Williams’s Pragmatic Genealogy and Self-Effacing Functionality

Philosophers' Imprint 18 (forthcoming)
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Abstract
In Truth and Truthfulness, Bernard Williams sought to defend the value of truth by giving a vindicatory genealogy revealing its instrumental value. But what separates Williams’s instrumental vindication from the indirect utilitarianism of which he was a critic? And how can genealogy vindicate anything, let alone something which, as Williams says of the concept of truth, does not have a history? By reading Williams’s genealogy as a pragmatic genealogy and clarifying the relation between truth and truthfulness, this paper resolves these puzzles and offers a novel reading of Williams’s project. It shows how Williams’s genealogy forms a direct answer to the question of why we should cultivate our sense of the value of truth. Using various criticisms of this genealogical method as a foil, the paper then develops an understanding of pragmatic genealogy which shows it to be uniquely suited to dealing with practices exhibiting self-effacing functionality—practices that are functional only insofar as and because we do not engage in them for their functionality. The paper concludes with an assessment of the wider significance of Williams’s genealogy for his own oeuvre and for further genealogical inquiry.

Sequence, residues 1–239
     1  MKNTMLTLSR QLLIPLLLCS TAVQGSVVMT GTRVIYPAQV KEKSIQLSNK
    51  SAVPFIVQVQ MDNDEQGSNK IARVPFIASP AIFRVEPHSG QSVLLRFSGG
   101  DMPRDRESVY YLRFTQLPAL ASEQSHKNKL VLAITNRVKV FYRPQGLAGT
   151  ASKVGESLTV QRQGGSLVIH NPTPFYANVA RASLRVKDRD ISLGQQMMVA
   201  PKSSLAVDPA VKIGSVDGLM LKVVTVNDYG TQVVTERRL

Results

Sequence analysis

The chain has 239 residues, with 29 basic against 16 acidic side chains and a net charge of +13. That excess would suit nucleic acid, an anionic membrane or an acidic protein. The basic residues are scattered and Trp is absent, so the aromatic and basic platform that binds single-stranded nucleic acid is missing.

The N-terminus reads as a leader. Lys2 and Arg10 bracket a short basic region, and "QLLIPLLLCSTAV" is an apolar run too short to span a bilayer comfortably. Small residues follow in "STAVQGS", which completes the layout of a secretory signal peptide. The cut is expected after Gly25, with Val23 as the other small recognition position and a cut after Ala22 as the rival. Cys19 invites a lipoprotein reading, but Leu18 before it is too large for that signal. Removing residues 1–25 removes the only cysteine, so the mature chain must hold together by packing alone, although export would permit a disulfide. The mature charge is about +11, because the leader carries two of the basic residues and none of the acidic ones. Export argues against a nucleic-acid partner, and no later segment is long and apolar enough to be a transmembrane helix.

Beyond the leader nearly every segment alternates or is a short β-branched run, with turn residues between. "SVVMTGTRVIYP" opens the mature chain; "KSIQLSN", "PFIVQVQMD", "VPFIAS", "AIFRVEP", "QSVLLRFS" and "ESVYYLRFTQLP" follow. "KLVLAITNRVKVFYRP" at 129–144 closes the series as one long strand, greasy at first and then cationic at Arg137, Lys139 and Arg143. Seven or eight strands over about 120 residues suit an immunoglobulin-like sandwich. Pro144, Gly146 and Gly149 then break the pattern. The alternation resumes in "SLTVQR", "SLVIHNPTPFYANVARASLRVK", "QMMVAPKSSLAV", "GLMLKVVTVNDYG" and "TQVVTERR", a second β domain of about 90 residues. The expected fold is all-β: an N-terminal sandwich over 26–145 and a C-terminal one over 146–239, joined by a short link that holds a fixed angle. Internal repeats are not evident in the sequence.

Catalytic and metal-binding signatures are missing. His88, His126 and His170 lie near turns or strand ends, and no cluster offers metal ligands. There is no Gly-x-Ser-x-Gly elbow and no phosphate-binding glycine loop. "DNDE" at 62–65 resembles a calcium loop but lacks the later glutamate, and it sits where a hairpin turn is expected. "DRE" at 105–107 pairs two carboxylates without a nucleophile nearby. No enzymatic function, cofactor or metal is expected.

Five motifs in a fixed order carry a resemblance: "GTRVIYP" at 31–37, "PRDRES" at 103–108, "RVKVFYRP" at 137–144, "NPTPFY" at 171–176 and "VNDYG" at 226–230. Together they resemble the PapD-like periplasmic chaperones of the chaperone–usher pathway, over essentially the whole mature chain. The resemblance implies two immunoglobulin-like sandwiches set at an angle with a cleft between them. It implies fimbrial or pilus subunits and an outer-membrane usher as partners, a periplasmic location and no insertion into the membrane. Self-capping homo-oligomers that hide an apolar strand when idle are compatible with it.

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Archival date: 2018-01-10
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2018-01-10

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